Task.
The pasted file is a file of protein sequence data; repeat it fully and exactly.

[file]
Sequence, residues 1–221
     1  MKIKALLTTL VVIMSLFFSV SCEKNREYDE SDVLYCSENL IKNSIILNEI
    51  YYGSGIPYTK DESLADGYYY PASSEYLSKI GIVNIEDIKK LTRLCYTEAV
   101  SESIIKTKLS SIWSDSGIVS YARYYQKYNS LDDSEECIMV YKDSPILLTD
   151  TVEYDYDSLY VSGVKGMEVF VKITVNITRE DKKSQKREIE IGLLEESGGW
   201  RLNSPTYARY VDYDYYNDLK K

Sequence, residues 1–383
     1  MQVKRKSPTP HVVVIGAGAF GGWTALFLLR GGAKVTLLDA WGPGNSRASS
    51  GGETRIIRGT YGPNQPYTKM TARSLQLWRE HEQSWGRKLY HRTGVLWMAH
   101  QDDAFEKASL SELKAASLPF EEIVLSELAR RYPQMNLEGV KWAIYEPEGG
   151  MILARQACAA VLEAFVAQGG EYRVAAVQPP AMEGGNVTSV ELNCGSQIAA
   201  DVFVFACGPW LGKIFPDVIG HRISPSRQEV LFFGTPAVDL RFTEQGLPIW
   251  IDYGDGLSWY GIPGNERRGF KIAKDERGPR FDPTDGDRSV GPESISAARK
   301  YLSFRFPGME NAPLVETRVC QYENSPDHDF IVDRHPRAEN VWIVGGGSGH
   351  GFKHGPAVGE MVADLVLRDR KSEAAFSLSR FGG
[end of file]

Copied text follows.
Sequence, residues 1–221
     1  MKIKALLTTL VVIMSLFFSV SCEKNREYDE SDVLYCSENL IKNSIILNEI
    51  YYGSGIPYTK DESLADGYYY PASSEYLSKI GIVNIEDIKK LTRLCYTEAV
   101  SESIIKTKLS SIWSDSGIVS YARYYQKYNS LDDSEECIMV YKDSPILLTD
   151  TVEYDYDSLY VSGVKGMEVF VKITVNITRE DKKSQKREIE IGLLEESGGW
   201  RLNSPTYARY VDYDYYNDLK K

Sequence, residues 1–383
     1  MQVKRKSPTP HVVVIGAGAF GGWTALFLLR GGAKVTLLDA WGPGNSRASS
    51  GGETRIIRGT YGPNQPYTKM TARSLQLWRE HEQSWGRKLY HRTGVLWMAH
   101  QDDAFEKASL SELKAASLPF EEIVLSELAR RYPQMNLEGV KWAIYEPEGG
   151  MILARQACAA VLEAFVAQGG EYRVAAVQPP AMEGGNVTSV ELNCGSQIAA
   201  DVFVFACGPW LGKIFPDVIG HRISPSRQEV LFFGTPAVDL RFTEQGLPIW
   251  IDYGDGLSWY GIPGNERRGF KIAKDERGPR FDPTDGDRSV GPESISAARK
   301  YLSFRFPGME NAPLVETRVC QYENSPDHDF IVDRHPRAEN VWIVGGGSGH
   351  GFKHGPAVGE MVADLVLRDR KSEAAFSLSR FGG